Carefully read the lab instructions that are attached as a PDF and refer to the tutorial video as well. The tree cores being analyzed are also attached below as a different PDF. The Spreadsheet that will be used to make the charts is also attached below.
Requirements: 600 words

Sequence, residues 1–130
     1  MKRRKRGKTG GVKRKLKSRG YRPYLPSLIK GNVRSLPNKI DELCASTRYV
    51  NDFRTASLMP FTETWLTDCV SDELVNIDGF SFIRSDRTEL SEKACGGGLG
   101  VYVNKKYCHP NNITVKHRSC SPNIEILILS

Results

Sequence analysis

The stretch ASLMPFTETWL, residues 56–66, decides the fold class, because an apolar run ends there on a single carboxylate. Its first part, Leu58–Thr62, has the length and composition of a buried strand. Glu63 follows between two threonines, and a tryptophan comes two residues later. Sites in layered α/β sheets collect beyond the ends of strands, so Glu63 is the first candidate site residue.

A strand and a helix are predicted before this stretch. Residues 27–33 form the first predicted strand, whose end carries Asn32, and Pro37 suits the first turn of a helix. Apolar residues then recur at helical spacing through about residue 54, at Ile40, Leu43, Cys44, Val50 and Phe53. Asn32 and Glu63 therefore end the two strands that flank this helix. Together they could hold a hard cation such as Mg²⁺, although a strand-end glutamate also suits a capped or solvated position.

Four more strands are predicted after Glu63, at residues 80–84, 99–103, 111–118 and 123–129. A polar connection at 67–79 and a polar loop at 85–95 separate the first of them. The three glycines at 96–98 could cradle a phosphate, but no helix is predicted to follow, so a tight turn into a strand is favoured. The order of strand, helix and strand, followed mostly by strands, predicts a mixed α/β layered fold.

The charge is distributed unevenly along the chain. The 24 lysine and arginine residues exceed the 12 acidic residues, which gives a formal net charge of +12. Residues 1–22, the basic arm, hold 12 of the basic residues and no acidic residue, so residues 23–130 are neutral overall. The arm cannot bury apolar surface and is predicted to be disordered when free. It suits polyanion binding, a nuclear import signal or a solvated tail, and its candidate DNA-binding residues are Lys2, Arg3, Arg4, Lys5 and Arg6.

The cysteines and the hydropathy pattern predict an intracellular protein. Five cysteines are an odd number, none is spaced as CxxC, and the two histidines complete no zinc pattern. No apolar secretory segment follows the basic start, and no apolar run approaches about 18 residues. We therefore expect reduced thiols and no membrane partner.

Lab 1: Dendroclimatology Fall 2023 Introduction: A diagram showing two cores from three trees is posted on Canvas. These trees are Picea (Pine) and are known to be responsive to climate change. The cores were collected in June 2000 from the sand ridge running through the USF eco-area just north of Fletcher. The goal of this project is to ascertain what climate information can be obtained from these trees. Therefore, you will construct a master chronology of ring widths and compare that data to climate data for Tampa. Please watch the video tutorial for the lab and complete the following tasks. Complete a 600-word write-up answering the following questions and copy-paste the two Excel plots (labeled with titles and correct units) on a Word docx. file. Your document should include answers to the questions below, as well as the two excel plots (instructions below). DO NOT INCLUDE THE EXCEL SPREADSHEET. Tasks: 1. Measure the ring widths for the three cores starting with the left side of the dark band and ending at the left side of the next dark band. Each ring consists of one dark and one light band. Distances will be in the range of about 1-7 millimeters, and each core sample will have ~50 measurements. Begin this process at the line on the left side of the core. The first year you will be measuring the ring width is 1999. The blue arrows indicate a decade to help you stay on track. So starting from the left, the first blue line is 1990, second blue line is 1980, third is 1970, fourth is 1960, and fifth is 1950. Think of it this way, you extracted the core from a Pine tree at USF in 2000, so what you are looking at is how much the tree has grown since 1950 (where the black line on the right is). So basically, you are counting the tree rings backwards in time to see how it has grown over the five decades. One year is equal to a dark band and a white band (pause the tutorial video and see how they count the rings). The dark band indicates tree growth during the autumn and winter months in a year, and the white band indicates the tree growth during the spring and summer months in a year. So together one dark band and one white band equals to how much the tree has grown in one year. Use millimeters to do these measurements. You may need to estimate the fractions of millimeters but do so to only one decimal place – do the best you can. Enter these values into your excel table that contains Tampa climate data. 2. Using the calculations already in the excel sheet, average the ring widths for each tree corresponding to the year interval. Then average the ring widths for each tree to create one master chronology. Equations are already within the spreadsheet that will do this for you, so once you put in the data from your measurements, the calculations will occur automatically. 3. A) Graph the “Ring-Width vs. Temperature” and “Ring-Width vs. Precipitation” using x-y plots in Microsoft Excel. Do not forget to add axis titles and correct units. Distances are all millimeters and temperatures are Celsius.